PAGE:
The recent missile alert fright in Hawaii reminded me of a similar event in Iowa many years ago. Fewer people were affected, or even knew about it, but those of us in the middle were just as shaken as those Hawaiians running for bomb shelters.
I was working my way through Drake University in the late 1950s as a security guard at the Iowa Air National Guard base in Des Moines, home of the 132nd Fighter Interceptor Wing of that time. Although in full Air Force uniform and carrying a loaded .45 in a belt holster, my duties were more that of a night watch than someone on the alert for saboteurs. My hours were midnight to eight during which I occasionally patrolled the base in a dark blue pickup with a white stripe reading “Air Police.” But most of the time I sat near the telephones at the Operations desk.
Occasionally the civilian airport control tower at the other end of the long runway called to advise of the arrival of a military plane or of then-Governor Hershel Loveless in our C-45 passenger plane. But phone calls were rare. I spent most of my time just trying to stay awake.
Because the Cold War with the Soviet Union threatened to go hot at any moment, the U.S. Air Force remained on 24-hour alert. Our wing did its part by having two F-86 Sabre jets ready to scramble in a matter of minutes to thwart a Soviet attack in those pre-missile days when bombers were the primary threat. Other Air National Guard bases in the Midwest also had interceptors on alert so that a swarm of defenders could take to the sky on quick notice.
As part of our national guard training we studied the features of Soviet Bear and Bison bombers, as did civil defense volunteers who manned observation posts across the country. By that time the Soviet Union possessed thermonuclear bombs, so the threat was indeed grave.
Among the several phones behind the Operations desk was a red one marked “urgent.” I was told by my supervisor, Maj. Allen Packer, that the phone was for emergencies only and, to that point, had remained silent. But if by chance it did ring, I should write down the numerical code provided and call him immediately.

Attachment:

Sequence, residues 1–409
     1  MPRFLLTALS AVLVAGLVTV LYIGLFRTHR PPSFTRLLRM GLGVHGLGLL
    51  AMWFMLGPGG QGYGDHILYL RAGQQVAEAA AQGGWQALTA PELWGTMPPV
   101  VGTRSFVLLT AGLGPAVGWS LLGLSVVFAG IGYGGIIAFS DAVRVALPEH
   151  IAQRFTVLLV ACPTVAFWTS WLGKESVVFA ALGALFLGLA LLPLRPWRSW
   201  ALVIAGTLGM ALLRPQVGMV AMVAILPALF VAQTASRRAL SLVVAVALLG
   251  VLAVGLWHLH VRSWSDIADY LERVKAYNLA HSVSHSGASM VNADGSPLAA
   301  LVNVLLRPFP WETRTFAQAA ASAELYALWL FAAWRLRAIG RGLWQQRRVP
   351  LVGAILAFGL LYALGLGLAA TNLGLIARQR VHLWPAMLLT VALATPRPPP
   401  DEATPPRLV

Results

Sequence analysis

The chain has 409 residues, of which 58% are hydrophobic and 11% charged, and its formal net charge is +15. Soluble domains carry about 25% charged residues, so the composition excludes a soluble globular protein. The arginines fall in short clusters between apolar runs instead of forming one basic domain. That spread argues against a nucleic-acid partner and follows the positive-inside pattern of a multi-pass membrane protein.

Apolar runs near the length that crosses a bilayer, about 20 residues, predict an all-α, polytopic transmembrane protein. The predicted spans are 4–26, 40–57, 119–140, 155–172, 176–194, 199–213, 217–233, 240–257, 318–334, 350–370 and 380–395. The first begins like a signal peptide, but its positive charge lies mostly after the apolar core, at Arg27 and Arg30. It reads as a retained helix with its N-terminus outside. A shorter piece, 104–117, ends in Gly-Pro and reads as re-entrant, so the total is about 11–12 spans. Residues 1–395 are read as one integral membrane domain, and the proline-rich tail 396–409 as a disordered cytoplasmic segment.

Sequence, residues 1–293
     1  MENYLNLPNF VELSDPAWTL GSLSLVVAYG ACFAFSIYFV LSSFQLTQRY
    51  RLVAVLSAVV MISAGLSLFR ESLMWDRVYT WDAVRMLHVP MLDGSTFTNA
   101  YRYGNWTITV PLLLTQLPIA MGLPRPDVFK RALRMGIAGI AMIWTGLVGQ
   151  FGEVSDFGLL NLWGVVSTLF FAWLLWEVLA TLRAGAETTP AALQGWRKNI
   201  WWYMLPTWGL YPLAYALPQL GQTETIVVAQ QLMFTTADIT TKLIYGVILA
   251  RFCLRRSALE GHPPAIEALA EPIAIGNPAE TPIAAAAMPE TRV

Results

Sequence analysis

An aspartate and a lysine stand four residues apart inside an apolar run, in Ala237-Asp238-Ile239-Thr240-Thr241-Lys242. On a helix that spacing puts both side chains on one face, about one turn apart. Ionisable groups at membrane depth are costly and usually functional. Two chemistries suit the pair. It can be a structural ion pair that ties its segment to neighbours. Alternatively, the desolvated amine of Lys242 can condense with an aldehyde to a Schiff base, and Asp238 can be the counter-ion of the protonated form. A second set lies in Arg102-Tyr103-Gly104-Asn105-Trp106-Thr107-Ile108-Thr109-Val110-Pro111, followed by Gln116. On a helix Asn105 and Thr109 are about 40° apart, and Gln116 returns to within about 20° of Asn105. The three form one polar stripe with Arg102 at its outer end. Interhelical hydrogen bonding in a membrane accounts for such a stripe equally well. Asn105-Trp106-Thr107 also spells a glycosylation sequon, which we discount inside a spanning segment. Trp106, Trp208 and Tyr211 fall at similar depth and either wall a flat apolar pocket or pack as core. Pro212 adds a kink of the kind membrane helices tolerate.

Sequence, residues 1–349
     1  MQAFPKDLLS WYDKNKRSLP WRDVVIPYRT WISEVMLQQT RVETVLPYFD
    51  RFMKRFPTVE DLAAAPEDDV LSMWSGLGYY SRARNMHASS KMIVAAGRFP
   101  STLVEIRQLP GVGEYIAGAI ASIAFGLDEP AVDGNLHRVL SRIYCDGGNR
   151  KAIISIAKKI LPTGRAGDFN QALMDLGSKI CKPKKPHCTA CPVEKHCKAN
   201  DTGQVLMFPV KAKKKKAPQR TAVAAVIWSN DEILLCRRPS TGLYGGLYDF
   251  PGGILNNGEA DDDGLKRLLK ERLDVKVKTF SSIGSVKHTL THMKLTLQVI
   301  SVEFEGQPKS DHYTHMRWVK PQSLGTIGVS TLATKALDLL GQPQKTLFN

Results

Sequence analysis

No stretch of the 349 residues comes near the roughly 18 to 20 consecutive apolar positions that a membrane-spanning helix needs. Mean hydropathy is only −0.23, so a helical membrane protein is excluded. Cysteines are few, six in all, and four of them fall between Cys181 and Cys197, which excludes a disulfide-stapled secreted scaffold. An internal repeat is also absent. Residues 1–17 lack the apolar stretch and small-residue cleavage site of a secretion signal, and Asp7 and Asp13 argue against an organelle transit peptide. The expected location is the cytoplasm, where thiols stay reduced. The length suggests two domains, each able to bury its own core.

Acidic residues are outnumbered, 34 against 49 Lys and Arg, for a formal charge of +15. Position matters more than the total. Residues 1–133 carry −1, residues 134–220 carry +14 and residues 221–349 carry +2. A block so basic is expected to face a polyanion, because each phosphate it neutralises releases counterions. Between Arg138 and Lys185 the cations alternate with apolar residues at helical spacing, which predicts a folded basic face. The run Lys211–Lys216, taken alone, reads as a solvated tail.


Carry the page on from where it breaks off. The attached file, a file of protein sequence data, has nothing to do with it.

Months passed. I almost forgot about the red phone. And then it stunned me with intermittent nerve-shattering buzzes in the middle of a winter night.
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I picked up the phone and said, “Yes, sir. This is the 132nd Fighter Interceptor Wing.”
A solemn voice responded, “The following code is in effect immediately.” The voice then gave me a series of numbers that I copied on a pad. I awakened Major Packer with a call and told him I had received a code on the red phone. “I’ll be there as soon as I can get dressed,” he responded with urgency in his voice.
Major Packer arrived shortly thereafter, opened the safe in the Operations office, and removed a code manual. He leafed through it until the numbers I provided matched one of the listings in the manual. The major ran his finger across the page, reading carefully. His face turned ashen. “This means imminent enemy action,” he gasped. “Get on the phone and call all the pilots and crews and tell them to report to the base immediately.
I hardly had time to decipher “imminent enemy action” as I whirled the Rolodex and placed calls, but I assumed bombs could be falling at any moment. Was I making my last phone call?
Crews and pilots arrived in a rush and prepared our Sabres for takeoff. A certain controlled pandemonium ensued. Pilots jumped into cockpits. Their planes were fired up. All they needed were further orders on how to proceed.
The red phone buzzed. I picked it up and heard, “This is a drill. Repeat. This is a drill. Disregard the previous code.”
I turned to Major Packer and almost shouted, “It’s a drill. It’s only a drill.”
Color returned to his face, along with a smile. He gave the order for everyone to “stand down.”
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Pilots and crews returned home. Major Packer remained to finish up some paperwork in his office behind the Operations desk. When he finished he passed by me and said, “You did a good job.”
“That scared the daylights out of me,” I responded.
“Yeah, me too,” the major replied.
“Why didn’t they tell us it was a drill?” I asked.
“If they did, people wouldn’t take it seriously. They wanted to test our readiness. The next time might not be a drill.”
I shuddered at the thought.
• Carroll McKibbin is a native Iowan who lives in San Luis Obispo, Calif., as a retired Cal Poly dean. He has authored two books: “Apron Strings,” a humorous memoir of an Iowa upbringing and “Lillian’s Legacy,” the true story of a supposedly unsolved murder in a small Iowa town. Comments: firstname.lastname@example.org